7 Most Lethal Martial Arts
What you are about to read are just some of the world’s deadliest martial arts. At most, they train your body to become formidable killing machines.
These kinds of martial arts prove that death does not always come with a gun. They lie in your own hands.
Any roll call of powerful martial arts is incomplete without kung fu. It is the grandfather of hand-to-hand combat, practiced for hundreds of years in the Middle Kingdom, the country we know now as China.
Early on, monks served as custodians of this knowledge. They later passed it on to Chinese warriors who gratefully used it to turn their bodies into lethal weapons.
Kung fu is an umbrella term for any martial arts from China. In any case, the fundamentals are there: You need to attack your enemy with lightning speed and impregnable force.
While other kinds of martial arts entail talks of spirituality, silat zeroes in on almost-mindless violence. Silat has no clear origins, but experts claim it is probably an amalgam of kung fu and martial arts from India. Other silat experts theorize that this form of fighting is derived from the behavior of animals.
That latter explanation figures because silat masters, like animals, are known to incapacitate their opponents as fast as they can. Agility and powerfully paralyzing moves are the foundations of silat.
In Malaysia’s neighbor Thailand, multitudes are engrossed with Muay Thai. An ancient fighting style often referred to as the Art of Eight Limbs, this martial art form is characterized by devastatingly lightning-quick knee strikes.
This martial art doubles as a sport akin to boxing for Thais. Athletes have died from this sport, mostly because their ribs took powerful blows from the knees.
“Taekwondo” literally translates to “the art of kicking and punching”; that should give you an idea of its threat. But more than punching, taekwondo underscores kicking as it makes use of the legs, considered as the body’s strongest, longest limbs.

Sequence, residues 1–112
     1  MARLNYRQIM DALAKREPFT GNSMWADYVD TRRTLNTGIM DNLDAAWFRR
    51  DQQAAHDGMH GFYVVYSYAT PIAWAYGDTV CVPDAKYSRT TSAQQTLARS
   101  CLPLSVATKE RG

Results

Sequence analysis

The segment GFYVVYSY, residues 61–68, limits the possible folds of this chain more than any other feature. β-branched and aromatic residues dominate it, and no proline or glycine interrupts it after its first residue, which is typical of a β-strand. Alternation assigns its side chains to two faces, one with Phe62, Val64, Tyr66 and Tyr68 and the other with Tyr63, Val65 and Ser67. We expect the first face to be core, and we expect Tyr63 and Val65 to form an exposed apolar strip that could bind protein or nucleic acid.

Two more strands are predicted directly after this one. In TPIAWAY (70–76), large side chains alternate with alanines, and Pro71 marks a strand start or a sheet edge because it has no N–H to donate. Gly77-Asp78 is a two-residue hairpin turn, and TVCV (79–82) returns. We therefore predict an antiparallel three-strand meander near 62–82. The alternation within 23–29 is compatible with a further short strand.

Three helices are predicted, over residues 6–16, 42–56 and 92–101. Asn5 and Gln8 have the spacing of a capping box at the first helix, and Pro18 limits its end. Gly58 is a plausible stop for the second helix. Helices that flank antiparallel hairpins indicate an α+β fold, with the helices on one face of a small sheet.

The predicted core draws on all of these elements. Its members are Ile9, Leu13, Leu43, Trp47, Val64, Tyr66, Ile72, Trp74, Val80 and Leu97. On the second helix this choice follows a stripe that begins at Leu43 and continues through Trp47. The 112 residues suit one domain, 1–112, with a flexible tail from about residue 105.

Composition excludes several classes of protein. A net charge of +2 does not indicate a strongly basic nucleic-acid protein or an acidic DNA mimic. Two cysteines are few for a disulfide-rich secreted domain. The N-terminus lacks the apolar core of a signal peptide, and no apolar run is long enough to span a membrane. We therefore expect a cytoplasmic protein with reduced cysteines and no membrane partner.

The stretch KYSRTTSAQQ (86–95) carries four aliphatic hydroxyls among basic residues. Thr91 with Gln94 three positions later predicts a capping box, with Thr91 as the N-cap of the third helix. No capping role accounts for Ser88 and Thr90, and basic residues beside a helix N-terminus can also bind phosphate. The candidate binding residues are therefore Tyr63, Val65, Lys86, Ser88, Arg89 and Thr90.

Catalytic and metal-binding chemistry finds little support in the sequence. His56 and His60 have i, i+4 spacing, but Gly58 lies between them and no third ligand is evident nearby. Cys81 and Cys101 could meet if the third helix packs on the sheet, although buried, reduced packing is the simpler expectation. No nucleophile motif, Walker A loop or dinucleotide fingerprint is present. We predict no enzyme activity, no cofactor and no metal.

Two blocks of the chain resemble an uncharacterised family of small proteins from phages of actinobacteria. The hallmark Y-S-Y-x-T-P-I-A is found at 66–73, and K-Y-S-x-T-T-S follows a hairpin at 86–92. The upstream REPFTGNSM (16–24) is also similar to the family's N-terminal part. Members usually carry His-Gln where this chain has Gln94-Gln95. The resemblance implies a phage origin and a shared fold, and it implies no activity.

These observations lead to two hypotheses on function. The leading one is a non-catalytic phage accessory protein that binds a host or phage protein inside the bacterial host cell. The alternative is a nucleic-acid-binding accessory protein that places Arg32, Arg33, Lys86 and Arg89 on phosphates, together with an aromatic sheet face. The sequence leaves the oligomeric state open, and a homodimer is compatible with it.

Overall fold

This mastery of kicking allowed taekwondo masters to subdue fighters who only knew how to punch. One especially powerful taekwondo kick could stun an enemy in a heartbeat.
If China and Korea have kung fu and taekwondo, Japan has the wildly popular karate. This martial art form tries to involve all parts of the body in combat. It involves not only kicking and punching, but also throws and so-called “knife strikes,” among others. Karate also differs from most others in this list in that it genuinely focuses on the mind as well as the body.
You may not think so but karate is only a relatively new form of martial arts. It was first developed by Japanese soldiers in the 19th century.
Esteemed among the deadliest martial art forms in the world, the Marine Corp Martial Arts Program (MCMAP) a.k.a. “semper fu” perfects hand-to-hand combat. Initially, soldiers are taught strikes and take-downs. In latter phases of the program, they are taught how to deal with a rifle-wielding enemy – without the aid of arms.
MCMAP is only the successor to a much deadlier martial art also developed by the marines. Called LINE, it was discontinued due to its singular dangerousness. MCMAP was conceived because the command felt they need some targets alive.
Its teachings are rudimentarily violent.
No nonsense about the soul, etc – the sole intent is to disarm and disable, if not destroy opponents.